Tom Hanks, Halle Berry and Susan Sarandon will lead an all-star cast in the film adaptation of David Mitchell's 2004 novel, Cloud Atlas. This era-spanning book, a novel told in six voices that our reviewer described as "complex literary origami" would be as daunting a task for filmmakers as it must have been for the writer. But the producers taking this one on are none other than the Wachowski siblings, who became famous with the Matrix trilogy. If anyone can cover mind-bending time-travel, historical and future settings, and possible reincarnation in one movie, they're the ones to do it. The Wachowskis will be working in tandem with Tom Twyker (Perfume, Run Lola Run, etc), who, rumor has it, will be filming the historical scenes with a separate crew.
an unknown Indian teen, Suraj Sharma, according to Variety. The 17-year-old beat out more than 3,000 other actors to play the role of a young man stuck on a life raft with a tiger in the 3D film, which has a December 2012 release date. Ang Lee is set to direct.
Read more about Life of Pi and Yann Martel's other books on BookPage.com, or listen to our podcast about Beatrice & Virgil, Martel's most recent—and most controversial!—novel.
My pop-culture and literary credentials have taken a beating: my aunt, who lives in Hawaii, had to be the one to tell me that George Clooney was in the state filming an adaptation of one of my fave books of 2007—Kaui Hart Hemmings' The Descendants. (Read our review of The Descendants)
Clooney has been running around Oahu and the North Shore of Kauai this month filming the movie, which follows Matt King, a wealthy and detached father (Clooney) who is forced to become hands-on when his wife is gravely injured in a boating accident. While Joanie lies in a coma, Matt discovers she's been having an affair and takes his daughters on a trip to Kauai in pursuit of the other man.
Alexander Payne (Election, Sideways) is directing the film, and seems like a perfect fit to bring this nuanced novel to the big screen without turning it into a soap opera.
Newcomer Amara Miller and "The Secret Life of the American Teenager" star Shailene Woodley will play Clooney's daughters, Scottie and Alex. The film will be released sometime in 2011. Interested?
I went out to see Fantastic Mr. Fox last night, and I am happy to report that it is, in fact, fantastic. The animation is lively and unusual, and the script is full of grace notes and genuinely funny moments, but what really makes the movie work is the characters, who are voiced with such intelligence, compassion, and deadpan humor that I found myself truly caring about them and whether or not they would survive their adventures.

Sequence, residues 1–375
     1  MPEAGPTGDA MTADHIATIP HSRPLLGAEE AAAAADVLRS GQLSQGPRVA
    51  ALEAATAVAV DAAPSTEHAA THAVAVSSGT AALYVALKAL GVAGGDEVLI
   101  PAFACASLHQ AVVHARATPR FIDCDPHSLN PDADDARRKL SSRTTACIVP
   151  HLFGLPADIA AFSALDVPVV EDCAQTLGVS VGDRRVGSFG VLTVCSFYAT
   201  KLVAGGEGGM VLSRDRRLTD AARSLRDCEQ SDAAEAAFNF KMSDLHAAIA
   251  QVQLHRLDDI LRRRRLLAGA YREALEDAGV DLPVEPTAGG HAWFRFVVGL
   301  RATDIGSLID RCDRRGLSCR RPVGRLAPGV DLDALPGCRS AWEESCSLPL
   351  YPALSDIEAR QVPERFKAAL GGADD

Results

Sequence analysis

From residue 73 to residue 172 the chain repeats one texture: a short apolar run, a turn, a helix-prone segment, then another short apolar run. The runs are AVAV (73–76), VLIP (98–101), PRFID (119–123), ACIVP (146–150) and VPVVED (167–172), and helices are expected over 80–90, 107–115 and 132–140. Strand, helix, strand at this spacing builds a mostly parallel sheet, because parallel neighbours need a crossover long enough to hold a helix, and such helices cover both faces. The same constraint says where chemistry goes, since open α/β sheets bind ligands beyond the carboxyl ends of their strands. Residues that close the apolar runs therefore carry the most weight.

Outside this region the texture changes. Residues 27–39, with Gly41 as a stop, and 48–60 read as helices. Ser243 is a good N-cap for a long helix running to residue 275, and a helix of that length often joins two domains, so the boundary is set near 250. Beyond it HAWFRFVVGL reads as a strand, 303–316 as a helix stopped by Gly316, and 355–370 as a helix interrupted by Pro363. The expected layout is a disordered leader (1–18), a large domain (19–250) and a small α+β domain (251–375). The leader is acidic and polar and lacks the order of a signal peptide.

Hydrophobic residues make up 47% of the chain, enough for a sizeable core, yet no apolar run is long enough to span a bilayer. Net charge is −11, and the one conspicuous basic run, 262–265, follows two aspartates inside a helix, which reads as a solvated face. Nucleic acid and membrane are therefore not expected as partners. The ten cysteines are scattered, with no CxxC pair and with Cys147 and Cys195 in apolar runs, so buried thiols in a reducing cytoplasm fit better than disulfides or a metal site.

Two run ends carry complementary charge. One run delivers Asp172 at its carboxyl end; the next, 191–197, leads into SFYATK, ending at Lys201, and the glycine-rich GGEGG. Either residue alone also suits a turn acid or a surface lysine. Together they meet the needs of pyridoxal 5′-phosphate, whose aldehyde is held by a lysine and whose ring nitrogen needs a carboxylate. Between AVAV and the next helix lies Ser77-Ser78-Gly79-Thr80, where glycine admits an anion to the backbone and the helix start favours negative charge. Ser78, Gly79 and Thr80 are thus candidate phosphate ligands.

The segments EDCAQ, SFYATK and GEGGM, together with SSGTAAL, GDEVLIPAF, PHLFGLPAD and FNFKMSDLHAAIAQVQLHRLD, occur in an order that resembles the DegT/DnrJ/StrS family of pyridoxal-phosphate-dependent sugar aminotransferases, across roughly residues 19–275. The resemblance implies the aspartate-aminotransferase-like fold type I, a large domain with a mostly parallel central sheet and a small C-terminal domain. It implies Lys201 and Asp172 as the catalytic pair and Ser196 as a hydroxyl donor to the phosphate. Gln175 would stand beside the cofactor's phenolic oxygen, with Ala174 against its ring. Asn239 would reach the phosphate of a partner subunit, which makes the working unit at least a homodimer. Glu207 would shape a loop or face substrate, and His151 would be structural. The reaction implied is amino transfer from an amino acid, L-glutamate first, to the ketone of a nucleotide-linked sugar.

I loved Roald Dahl as a child, and I couldn't count how many times I read and re-read The Witches, The BFG, and Dahl's autobiography, Boy, among others—but somehow I never read Fantastic Mr. Fox. So I can't comment on how faithfully the movie sticks to the story, but I can say with some certainty that it possesses one of the central qualities of Dahl's work: imagination.
And imagination goes hand-in-hand with the knowledge that the world is essentially a wild place. There's real danger here, as in many of Dahl's books, and the audience senses that, partly because the world of the movie is deceptively big. Though it all takes place in (and under) a very small town and the surrounding countryside, it feels expansive—there are tree homes, sewers, helicopters, broad fields, and a train going by in the distance—and the characters move through it with the ease and exploratory fervor of wild animals. Which, of course, they are, and the movie gets some mileage out of the tension between their wild natures (tearing out the throats of chickens) and their genteel demeanors (Mr. Fox's fondness for making toasts).
If that tension seems more like director Wes Anderson's preoccupation than Dahl's, it's certainly possible; Anderson has built his career on characters (particularly men) who are trying to understand their own natures and find their way in the world, and Fantastic Mr. Fox has plenty of these. But these personal quests never detract from Dahl's story; in many ways, they drive the action and keep us invested in the outcome. (In that way, Fantastic Mr. Fox is similar to my favorite of Anderson's films, Bottle Rocket, which also tells the story of a gang of inexperienced and essentially good-hearted people who band together under a charismatic leader to pull off a series of mild heists, more mischievous than malicious.)
Fantastic Mr. Fox is a thoroughly delightful movie, and one of my favorites from this year. Fans of Roald Dahl or Wes Anderson are in for a treat; fans of both are very, very lucky.